Published December 12, 2015
A team of international observers was evacuated from a tense town in northern Syria on Wednesday, one day after a roadside bomb hit their convoy and left them stranded overnight with rebel forces, a U.N. spokesman said.
The team's vehicles were struck by the blast Tuesday during a mission in Khan Sheikhoun, which has witnessed anti-government protests since an uprising against President Bashar Assad's regime began in March last year. None of the observers was wounded, but they had to spend the night with rebels in the area.
Tuesday's attack, which came minutes after witnesses said regime forces gunned down mourners at a funeral procession nearby, dealt a fresh blow to international envoy Kofi Annan's peace plan and the U.N. effort to monitor compliance with a troubled cease-fire agreement. The deal already has been tested by relentless violence from both sides, and fears about the observers' safety could raise doubts about its effectiveness.
Ahmad Fawzi, a spokesman for Annan, said the observers were "reported to be uninjured and in good health."
Syria-based U.N. spokesman Hassan Seklawi said U.N. members picked up the team around noon Wednesday.
"They left in one convoy in the direction of Hama," Seklawi said referring to a central city south of Khan Sheikhoun.
Even as violence grips the nation, Assad told a Russian state news channel that his country supports his reform agenda.
He pointed to recent parliamentary elections, saying Syrians "up to this time support the course of reform."
The government has praised the May 7 vote as a milestone in promised political reforms. But the opposition boycotted the polls and said they were orchestrated by the regime to strengthen Assad's grip on power.
The interview was to be broadcast on state news channel Rossiya-24 later Wednesday, but some excerpts were released in advance.
Russia has been Syria's most powerful and loyal ally over the course of the uprising, selling weapons to the regime and blocking action against Damascus at the U.N. Security Council.
Activists said the violence continued Wednesday with regime forces opening fire from the outskirts of Khan Sheikhoun.
Rami Abdul-Rahman, who heads the Britain-based Syrian Observatory for Human Rights activist group, said the heavy machine-gun fire prevented people from holding funerals for some of the 20 mourners who were killed at the funeral on Tuesday.
Fawzi said the six observers were "reported to be uninjured and in good health."
He said the observers were meeting with members of the rebel Free Syrian Army when Tuesday's explosion occurred. He said three vehicles were damaged. It was not clear who was behind the blast and no one claimed responsibility.
More than 200 U.N. observers have been deployed throughout Syria to monitor the cease-fire agreement, which has been repeatedly violated by both sides since it took effect on April 12.
The bombing was at least the second time the U.N. observers have been caught up in Syria's violence. Last week, a roadside bomb struck a Syrian military truck in the south of the country just seconds after the Norwegian team leader Maj. Gen. Robert Mood rode by in a convoy.
A video posted by activists online appeared to show the exact moment the U.N. vehicle was struck. The video shows two white vehicles clearly marked "U.N" with people milling around it, and two others parked a few meters (yards) behind. Slippers apparently left behind by the mourners running away from the shooting earlier are seen strewn about on the ground.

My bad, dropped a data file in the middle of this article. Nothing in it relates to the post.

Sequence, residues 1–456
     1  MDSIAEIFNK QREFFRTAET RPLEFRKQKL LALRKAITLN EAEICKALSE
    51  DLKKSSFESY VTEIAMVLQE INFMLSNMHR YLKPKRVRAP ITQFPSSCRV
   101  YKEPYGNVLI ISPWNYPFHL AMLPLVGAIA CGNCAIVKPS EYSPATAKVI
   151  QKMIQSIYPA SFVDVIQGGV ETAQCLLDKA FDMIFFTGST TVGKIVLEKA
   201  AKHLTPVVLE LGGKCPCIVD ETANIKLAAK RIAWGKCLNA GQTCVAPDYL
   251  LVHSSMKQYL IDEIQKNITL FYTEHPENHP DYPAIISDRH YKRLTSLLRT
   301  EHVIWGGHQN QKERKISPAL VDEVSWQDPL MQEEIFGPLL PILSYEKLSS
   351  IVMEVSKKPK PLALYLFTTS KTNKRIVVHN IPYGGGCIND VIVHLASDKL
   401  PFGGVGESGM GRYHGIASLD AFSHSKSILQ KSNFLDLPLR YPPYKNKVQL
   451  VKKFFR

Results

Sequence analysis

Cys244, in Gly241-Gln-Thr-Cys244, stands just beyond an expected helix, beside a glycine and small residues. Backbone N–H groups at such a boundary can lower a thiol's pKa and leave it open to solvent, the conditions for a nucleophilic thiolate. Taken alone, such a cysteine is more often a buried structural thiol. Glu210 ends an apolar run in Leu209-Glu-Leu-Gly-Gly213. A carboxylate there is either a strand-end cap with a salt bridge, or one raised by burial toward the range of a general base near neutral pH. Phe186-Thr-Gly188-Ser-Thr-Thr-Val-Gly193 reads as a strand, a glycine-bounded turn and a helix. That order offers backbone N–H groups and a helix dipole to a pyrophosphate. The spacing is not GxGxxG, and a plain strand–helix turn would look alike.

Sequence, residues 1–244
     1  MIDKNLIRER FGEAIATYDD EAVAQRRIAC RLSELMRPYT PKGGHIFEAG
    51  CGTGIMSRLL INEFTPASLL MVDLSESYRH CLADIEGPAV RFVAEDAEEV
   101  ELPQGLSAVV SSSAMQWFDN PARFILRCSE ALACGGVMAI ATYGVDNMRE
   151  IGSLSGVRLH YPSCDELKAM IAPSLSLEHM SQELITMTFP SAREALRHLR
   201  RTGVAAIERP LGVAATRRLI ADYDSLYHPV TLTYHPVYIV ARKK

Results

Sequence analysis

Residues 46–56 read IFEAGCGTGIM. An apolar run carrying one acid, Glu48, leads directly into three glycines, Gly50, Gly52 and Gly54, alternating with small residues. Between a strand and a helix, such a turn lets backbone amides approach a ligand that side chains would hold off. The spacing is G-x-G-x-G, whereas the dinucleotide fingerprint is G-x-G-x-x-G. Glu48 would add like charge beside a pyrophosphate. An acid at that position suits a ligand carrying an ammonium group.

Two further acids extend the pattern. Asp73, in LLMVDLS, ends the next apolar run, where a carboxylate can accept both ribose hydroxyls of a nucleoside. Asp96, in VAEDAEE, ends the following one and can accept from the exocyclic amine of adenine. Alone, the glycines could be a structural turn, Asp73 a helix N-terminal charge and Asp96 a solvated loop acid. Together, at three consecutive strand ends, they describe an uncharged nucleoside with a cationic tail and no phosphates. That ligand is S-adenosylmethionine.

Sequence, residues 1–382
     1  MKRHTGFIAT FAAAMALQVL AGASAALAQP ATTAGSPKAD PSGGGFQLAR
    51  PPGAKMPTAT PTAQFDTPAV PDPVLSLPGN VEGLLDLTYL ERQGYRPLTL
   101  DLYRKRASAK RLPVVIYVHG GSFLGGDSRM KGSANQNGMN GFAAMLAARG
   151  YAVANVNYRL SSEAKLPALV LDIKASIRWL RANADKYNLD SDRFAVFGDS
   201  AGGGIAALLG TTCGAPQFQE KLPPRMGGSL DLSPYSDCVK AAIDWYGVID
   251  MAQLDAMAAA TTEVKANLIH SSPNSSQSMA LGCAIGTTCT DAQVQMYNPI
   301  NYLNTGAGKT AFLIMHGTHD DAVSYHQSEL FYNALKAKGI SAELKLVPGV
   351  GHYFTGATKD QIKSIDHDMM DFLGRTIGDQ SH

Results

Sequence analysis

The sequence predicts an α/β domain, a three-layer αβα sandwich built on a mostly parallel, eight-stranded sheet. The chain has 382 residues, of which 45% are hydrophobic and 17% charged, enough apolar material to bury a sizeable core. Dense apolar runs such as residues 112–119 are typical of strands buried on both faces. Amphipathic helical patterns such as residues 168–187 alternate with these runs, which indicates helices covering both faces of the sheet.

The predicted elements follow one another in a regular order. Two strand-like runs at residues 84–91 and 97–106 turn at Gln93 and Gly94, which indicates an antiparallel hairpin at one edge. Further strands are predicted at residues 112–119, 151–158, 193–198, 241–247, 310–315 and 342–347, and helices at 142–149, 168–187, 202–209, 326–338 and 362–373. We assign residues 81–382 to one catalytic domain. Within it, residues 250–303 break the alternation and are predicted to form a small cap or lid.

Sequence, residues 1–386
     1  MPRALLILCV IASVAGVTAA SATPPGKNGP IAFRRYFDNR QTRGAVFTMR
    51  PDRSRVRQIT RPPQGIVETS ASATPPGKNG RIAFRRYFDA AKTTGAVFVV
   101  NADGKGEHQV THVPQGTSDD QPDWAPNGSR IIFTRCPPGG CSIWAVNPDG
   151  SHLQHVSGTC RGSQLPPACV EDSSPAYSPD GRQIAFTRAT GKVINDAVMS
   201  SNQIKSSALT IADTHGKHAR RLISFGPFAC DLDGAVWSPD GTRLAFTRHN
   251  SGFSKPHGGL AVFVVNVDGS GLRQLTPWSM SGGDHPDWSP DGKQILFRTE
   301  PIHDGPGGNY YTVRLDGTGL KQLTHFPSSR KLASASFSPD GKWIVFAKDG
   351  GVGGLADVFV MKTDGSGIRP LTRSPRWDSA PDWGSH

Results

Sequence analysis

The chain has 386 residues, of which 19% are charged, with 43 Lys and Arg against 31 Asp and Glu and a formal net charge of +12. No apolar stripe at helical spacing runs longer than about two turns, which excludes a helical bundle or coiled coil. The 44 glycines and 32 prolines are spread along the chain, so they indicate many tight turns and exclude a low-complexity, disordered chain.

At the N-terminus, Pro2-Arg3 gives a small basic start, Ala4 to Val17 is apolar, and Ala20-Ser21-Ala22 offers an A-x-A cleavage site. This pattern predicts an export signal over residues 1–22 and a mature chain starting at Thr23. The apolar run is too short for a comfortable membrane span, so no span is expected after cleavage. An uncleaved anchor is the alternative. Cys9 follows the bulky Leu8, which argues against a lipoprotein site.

The blast blew off the front of the first vehicle and sent up a plume of smoke as people screamed and frantically ran for cover. The four cars are then seen slowly driving away.
It was not clear how close the observers were to the funeral shootings, but if confirmed, a regime attack on civilians directly in front of the observer mission could put pressure on them to describe publicly what they are seeing in Syria. They report back to the U.N. but have not publicized their findings.
Also Wednesday, a Turkish official said the situation in Syria and discussions on the possibility of a NATO intervention were bound to come up during a NATO summit in Chicago next week. So far, the international community has shown little appetite for getting involved in another Arab nation in turmoil.
The official, who spoke on condition of anonymity in line with Turkish government regulations, said NATO could become involved if the U.N. Security Council approved an intervention -- a move considered unlikely given Russia and China's support of Assad -- or if any of the NATO members feels threatened and calls for protection from the alliance.
The official said Turkey would call for NATO protection if "our national security and national interests are threatened or if there is an attack from Syria," though he added "there is no such situation at present."
Syria's state-run TV, meanwhile, reported Wednesday that authorities released 250 people who were involved in the uprising. Assad has issued several pardons releasing thousands of detainees since the crisis began.
The Syrian uprising began with mostly peaceful protests calling for change, but a relentless government crackdown led many in the opposition to take up arms. Some soldiers also have switched sides and joined forces with the rebels.
The U.N. estimates the conflict has killed more than 9,000 people.
Tensions have spilled over the border, with Lebanese tribesmen loyal to Assad kidnapping Syrian opposition supporters to exchange them with relatives abducted in Syria recently.
Members of Lebanon's Jaafar tribe kidnapped seven anti-government Syrian citizens recently and exchanged them Wednesday for two men kidnapped in the Syrian border town of Zeita, according to Lebanese security officials, who spoke on condition of anonymity in line with regulations.